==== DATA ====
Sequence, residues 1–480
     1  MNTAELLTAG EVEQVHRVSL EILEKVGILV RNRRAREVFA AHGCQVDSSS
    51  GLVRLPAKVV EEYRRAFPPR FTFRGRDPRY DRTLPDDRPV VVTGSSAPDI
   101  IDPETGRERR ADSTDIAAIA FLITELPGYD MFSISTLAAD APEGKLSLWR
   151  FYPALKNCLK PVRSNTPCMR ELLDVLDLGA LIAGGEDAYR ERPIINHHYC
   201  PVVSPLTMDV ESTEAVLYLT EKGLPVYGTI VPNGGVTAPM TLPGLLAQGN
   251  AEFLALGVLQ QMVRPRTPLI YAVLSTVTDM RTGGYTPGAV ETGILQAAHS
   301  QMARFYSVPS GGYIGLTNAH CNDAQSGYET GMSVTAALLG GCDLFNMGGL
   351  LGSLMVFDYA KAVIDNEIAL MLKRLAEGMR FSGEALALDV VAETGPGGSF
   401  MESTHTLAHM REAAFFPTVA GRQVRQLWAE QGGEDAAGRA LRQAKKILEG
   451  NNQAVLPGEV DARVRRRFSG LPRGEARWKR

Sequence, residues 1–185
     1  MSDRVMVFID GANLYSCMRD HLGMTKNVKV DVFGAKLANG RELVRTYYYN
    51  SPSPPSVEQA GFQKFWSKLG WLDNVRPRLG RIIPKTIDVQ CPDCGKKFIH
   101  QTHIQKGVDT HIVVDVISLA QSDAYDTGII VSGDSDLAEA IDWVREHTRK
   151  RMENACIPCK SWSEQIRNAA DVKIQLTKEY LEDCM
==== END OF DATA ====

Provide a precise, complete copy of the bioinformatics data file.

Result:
Sequence, residues 1–480
     1  MNTAELLTAG EVEQVHRVSL EILEKVGILV RNRRAREVFA AHGCQVDSSS
    51  GLVRLPAKVV EEYRRAFPPR FTFRGRDPRY DRTLPDDRPV VVTGSSAPDI
   101  IDPETGRERR ADSTDIAAIA FLITELPGYD MFSISTLAAD APEGKLSLWR
   151  FYPALKNCLK PVRSNTPCMR ELLDVLDLGA LIAGGEDAYR ERPIINHHYC
   201  PVVSPLTMDV ESTEAVLYLT EKGLPVYGTI VPNGGVTAPM TLPGLLAQGN
   251  AEFLALGVLQ QMVRPRTPLI YAVLSTVTDM RTGGYTPGAV ETGILQAAHS
   301  QMARFYSVPS GGYIGLTNAH CNDAQSGYET GMSVTAALLG GCDLFNMGGL
   351  LGSLMVFDYA KAVIDNEIAL MLKRLAEGMR FSGEALALDV VAETGPGGSF
   401  MESTHTLAHM REAAFFPTVA GRQVRQLWAE QGGEDAAGRA LRQAKKILEG
   451  NNQAVLPGEV DARVRRRFSG LPRGEARWKR

Sequence, residues 1–185
     1  MSDRVMVFID GANLYSCMRD HLGMTKNVKV DVFGAKLANG RELVRTYYYN
    51  SPSPPSVEQA GFQKFWSKLG WLDNVRPRLG RIIPKTIDVQ CPDCGKKFIH
   101  QTHIQKGVDT HIVVDVISLA QSDAYDTGII VSGDSDLAEA IDWVREHTRK
   151  RMENACIPCK SWSEQIRNAA DVKIQLTKEY LEDCM